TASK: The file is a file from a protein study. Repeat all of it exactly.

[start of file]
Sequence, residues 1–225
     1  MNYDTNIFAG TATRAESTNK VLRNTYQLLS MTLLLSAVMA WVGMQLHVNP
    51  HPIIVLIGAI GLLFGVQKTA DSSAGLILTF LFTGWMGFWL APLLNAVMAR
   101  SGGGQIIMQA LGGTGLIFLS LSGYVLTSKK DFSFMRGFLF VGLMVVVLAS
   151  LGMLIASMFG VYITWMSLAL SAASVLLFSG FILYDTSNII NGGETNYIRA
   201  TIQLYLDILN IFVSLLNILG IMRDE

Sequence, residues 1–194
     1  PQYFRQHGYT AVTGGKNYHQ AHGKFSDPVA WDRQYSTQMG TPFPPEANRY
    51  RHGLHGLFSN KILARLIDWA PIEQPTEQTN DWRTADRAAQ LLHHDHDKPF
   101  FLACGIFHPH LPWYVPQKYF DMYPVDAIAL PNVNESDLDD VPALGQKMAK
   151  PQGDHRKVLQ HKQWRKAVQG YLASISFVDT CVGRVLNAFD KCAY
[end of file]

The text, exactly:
Sequence, residues 1–225
     1  MNYDTNIFAG TATRAESTNK VLRNTYQLLS MTLLLSAVMA WVGMQLHVNP
    51  HPIIVLIGAI GLLFGVQKTA DSSAGLILTF LFTGWMGFWL APLLNAVMAR
   101  SGGGQIIMQA LGGTGLIFLS LSGYVLTSKK DFSFMRGFLF VGLMVVVLAS
   151  LGMLIASMFG VYITWMSLAL SAASVLLFSG FILYDTSNII NGGETNYIRA
   201  TIQLYLDILN IFVSLLNILG IMRDE

Sequence, residues 1–194
     1  PQYFRQHGYT AVTGGKNYHQ AHGKFSDPVA WDRQYSTQMG TPFPPEANRY
    51  RHGLHGLFSN KILARLIDWA PIEQPTEQTN DWRTADRAAQ LLHHDHDKPF
   101  FLACGIFHPH LPWYVPQKYF DMYPVDAIAL PNVNESDLDD VPALGQKMAK
   151  PQGDHRKVLQ HKQWRKAVQG YLASISFVDT CVGRVLNAFD KCAY